Introduction to Vitamin C

Vitamin C can affect cancer in a multitude of ways, but the mechanisms are still poorly understood in spite of the relatively large number of studies conducted. As we have seen, various studies have reported that vitamin C inhibits cancer, has no effect on cancer, or it facilitates cancer progression.

A primary reason for the slow progress and conflicting results in vitamin C research is that its effects on cancer are largely mediated through redox reactions, and the study of these in biological systems is a complex undertaking. Like all antioxidants, vitamin C can act as both an antioxidant and prooxidant. Its prooxidant effects are mediated through the vitamin C free radical, which in high concentrations inhibits tumor growth but in low concentrations may stimulate it. Unfortunately, much of our understanding of the effects of free radicals in health and disease has come only recently, and the role the vi-

tamin C free radical plays in the vitamin's anticancer effects was not fully appreciated in early studies. Consequently, early studies were not always careful to account for its production and involvement, making the results of different investigations difficult to interpret. The study of vitamin C also is difficult and results are conflicting because in addition to re-dox-mediated effects, vitamin C may affect cancer through a number of indirect means, such as through immune enhancement.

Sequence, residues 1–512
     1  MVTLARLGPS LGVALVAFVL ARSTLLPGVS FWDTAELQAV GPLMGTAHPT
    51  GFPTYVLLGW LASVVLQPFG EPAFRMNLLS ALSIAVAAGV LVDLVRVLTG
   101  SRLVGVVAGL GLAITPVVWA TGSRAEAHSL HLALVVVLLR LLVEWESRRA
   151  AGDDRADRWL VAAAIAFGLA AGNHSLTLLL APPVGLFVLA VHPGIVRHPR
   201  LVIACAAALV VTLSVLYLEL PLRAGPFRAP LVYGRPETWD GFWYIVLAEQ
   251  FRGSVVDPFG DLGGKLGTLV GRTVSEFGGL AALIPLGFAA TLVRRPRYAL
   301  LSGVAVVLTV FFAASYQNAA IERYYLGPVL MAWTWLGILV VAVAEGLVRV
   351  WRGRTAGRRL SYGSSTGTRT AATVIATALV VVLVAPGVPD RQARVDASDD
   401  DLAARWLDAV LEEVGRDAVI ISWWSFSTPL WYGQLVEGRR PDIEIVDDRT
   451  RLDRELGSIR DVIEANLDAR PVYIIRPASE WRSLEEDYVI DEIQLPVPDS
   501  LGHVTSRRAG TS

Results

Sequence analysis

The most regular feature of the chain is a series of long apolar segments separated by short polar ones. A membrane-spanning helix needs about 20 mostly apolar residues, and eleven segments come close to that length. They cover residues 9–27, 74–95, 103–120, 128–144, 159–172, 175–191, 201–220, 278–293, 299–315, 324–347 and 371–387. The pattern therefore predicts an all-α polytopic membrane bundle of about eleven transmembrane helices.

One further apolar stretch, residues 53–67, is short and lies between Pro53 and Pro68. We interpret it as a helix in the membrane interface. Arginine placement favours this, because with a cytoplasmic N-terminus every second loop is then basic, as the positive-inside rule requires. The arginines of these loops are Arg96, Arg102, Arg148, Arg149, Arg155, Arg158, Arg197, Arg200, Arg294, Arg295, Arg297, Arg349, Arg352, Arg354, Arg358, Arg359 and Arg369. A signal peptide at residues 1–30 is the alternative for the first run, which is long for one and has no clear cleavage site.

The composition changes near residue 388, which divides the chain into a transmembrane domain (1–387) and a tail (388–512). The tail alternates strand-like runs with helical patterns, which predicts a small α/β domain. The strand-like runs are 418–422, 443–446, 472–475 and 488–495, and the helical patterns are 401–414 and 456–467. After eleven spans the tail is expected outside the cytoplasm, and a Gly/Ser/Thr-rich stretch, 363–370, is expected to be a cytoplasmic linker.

Mechanisms of Action

As an antioxidant, vitamin C may inhibit cancer progression through a variety of actions, listed in Table 15.1. Its ability to stimulate apoptosis is mediated by its prooxidant effect.

Any of the actions listed may contribute to tumor inhibition in vivo, but some actions will likely be more active than others. Nearly all mechanistic studies conducted so far have focused on vitamin C's ability to directly inhibit cancer cells by acting as a prooxidant, thereby inducing apoptosis. Much less is known about its ability to inhibit cancer through the indirect means listed, such as inhibition of invasion. Additional study is required to determine the role each of these indirect mechanisms may play, but we now use the available evidence to make preliminary conclusions about both direct and indirect effects, with the latter discussion necessarily more brief.

Indirect Effects of Vitamin C

Most of the activities listed in Table 15.1 are those that would indirectly inhibit cancer, including actions that inhibit angiogenesis, invasion, and metastasis and those that support the immune system. Although data are scarce, it appears that indirect means will likely play a lesser role in tumor inhibition in vivo than direct means. Furthermore, we can estimate that the inferred actions listed are less likely to be involved than the known actions. Indeed, inhibition of metastasis is listed as an inferred activity, yet vitamin C increased metastasis in






Chapter 2: Mutations, Gene Expression, and Proliferation

Act as an antioxidant